The Bang Khae cluster has led to cases in 11 other provinces beyond Bangkok, including the first reported cases of coronavirus in three new provinces, according to officials Monday.
“This sparking effect is when a infection is carried from a cluster in one place to another province by a travelling individual,” said Dr Apisamai Srirangsan, spokeswoman of the Center for COVID-19 Situation Administration (CCSA).
The first case in Kalasin was reported Monday, a 35-year-old woman who had travelled to Bangkok on March 22 to meet a friend who works at a fresh market in Bang Khae.
Nong Bua Lam Phu and Srisaket have also reported first cases this month. Both have been traced back to the cluster that originated in the Bang Khae fresh market complex in the district west of Bangkok, where there are six markets in close proximity.
The “sparking” metaphor refers to the spread of a wildfire when an airborne spark lands far from the original blaze and starts a separate patch of fire.
The Kalasin patient flew home via VietJet Air from Suvarnabhumi Airport on March 24 before she started to show symptoms on March 25. After she was informed that her friend has tested positive for the virus, she also went to get tested and received a positive result on March 27.
In total the Bang Khae cluster has led to 481 cases in Bangkok and 56 cases in 11 other provinces as of March 26.
Apisamai urged people who travelled to areas with known clusters, or met with people who had, to remain vigilant in terms of Covid-prevention measures as the Songkran holidays is coming up and there will be more cross-provincial travelling during the period.
The CCSA also urged local authorities to continuously inspect fresh markets around the country to make sure that Covid-prevention measures such as mask wearing, hand washing and social distancing are strictly applied.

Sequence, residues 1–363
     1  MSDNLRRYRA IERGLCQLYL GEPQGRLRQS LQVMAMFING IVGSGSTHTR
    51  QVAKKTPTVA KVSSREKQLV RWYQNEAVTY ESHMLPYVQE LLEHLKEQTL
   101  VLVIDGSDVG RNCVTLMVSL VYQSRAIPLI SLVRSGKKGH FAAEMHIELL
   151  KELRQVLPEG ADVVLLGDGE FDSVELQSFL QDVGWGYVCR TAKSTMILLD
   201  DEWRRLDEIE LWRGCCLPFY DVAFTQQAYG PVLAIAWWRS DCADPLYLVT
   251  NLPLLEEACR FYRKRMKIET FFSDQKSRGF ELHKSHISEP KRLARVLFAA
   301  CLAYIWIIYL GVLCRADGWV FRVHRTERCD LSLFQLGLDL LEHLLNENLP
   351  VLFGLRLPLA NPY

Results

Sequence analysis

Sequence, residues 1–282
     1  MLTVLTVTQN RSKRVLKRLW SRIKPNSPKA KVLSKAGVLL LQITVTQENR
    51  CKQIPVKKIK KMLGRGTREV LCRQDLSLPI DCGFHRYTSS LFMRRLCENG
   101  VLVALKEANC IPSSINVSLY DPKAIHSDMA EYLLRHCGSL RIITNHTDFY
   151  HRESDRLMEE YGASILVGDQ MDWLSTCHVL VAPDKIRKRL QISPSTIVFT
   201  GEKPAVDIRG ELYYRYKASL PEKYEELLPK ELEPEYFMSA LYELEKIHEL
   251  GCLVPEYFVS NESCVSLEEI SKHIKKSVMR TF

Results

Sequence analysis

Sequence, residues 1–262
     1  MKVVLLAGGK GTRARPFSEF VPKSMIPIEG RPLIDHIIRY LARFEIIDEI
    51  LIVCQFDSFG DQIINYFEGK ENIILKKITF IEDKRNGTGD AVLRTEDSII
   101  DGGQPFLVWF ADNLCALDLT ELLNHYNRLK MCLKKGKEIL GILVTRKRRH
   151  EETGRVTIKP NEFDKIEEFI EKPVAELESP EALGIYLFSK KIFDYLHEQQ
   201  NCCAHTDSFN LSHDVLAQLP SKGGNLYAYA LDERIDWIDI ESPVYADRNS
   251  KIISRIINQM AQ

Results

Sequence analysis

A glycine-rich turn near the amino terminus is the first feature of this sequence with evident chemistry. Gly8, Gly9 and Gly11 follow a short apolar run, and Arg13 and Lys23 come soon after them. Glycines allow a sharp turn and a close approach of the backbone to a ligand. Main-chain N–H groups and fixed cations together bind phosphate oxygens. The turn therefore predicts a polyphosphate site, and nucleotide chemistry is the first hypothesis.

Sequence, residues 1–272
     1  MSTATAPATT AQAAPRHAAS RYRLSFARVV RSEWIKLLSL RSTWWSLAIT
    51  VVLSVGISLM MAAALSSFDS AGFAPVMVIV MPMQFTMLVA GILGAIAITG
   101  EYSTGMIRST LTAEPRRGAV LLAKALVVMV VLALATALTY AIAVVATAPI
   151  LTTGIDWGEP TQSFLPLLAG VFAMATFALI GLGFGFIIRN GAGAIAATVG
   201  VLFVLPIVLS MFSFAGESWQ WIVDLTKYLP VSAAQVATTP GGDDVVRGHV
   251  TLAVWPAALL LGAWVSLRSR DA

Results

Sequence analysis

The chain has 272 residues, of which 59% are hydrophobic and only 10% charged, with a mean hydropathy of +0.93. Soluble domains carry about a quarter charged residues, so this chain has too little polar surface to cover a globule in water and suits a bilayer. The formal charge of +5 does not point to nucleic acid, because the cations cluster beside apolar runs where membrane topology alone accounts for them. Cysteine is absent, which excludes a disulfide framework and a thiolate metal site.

The CCSA reported 39 new coronavirus cases in the past 24 hours.
Of those, 28 were local infections and 11 were found in quarantine facilities.
Of the 28 local infections, 16 were found via tests at medical facilities and 12 via proactive tests at known clusters.
This brings the total number of infections since the pandemic began last year to 28,773 cases. While 27,313 people have recovered from the disease, 1,366 patients are still being treated.
There was no new fatality, leaving the death toll at 94 people.
Clusters and provinces
The second wave of the outbreak has reached 67 out of the 77 provinces in Thailand so far. Of the 66 provinces, 38 have not reported any case in the past 28 days.
The hardest-hit province continues to be Samut Sakhon, where the second wave began, which reported 17,093 confirmed cases since December 15.
This was followed by Bangkok (2,148), Pathumthani (763), Chonburi (658), Rayong (584), Samut Prakan (412), Chanthaburi (221), Tak (214), Nonthaburi (198), Nakhon Pathom (171) and Ang Thong (125), respectively.
Of the 28 local infections reported on Monday, 15 were found in Bangkok, followed by 10 in Samut Sakhon, and one each in Ratchaburi, Kalasin and Maha Sarakham.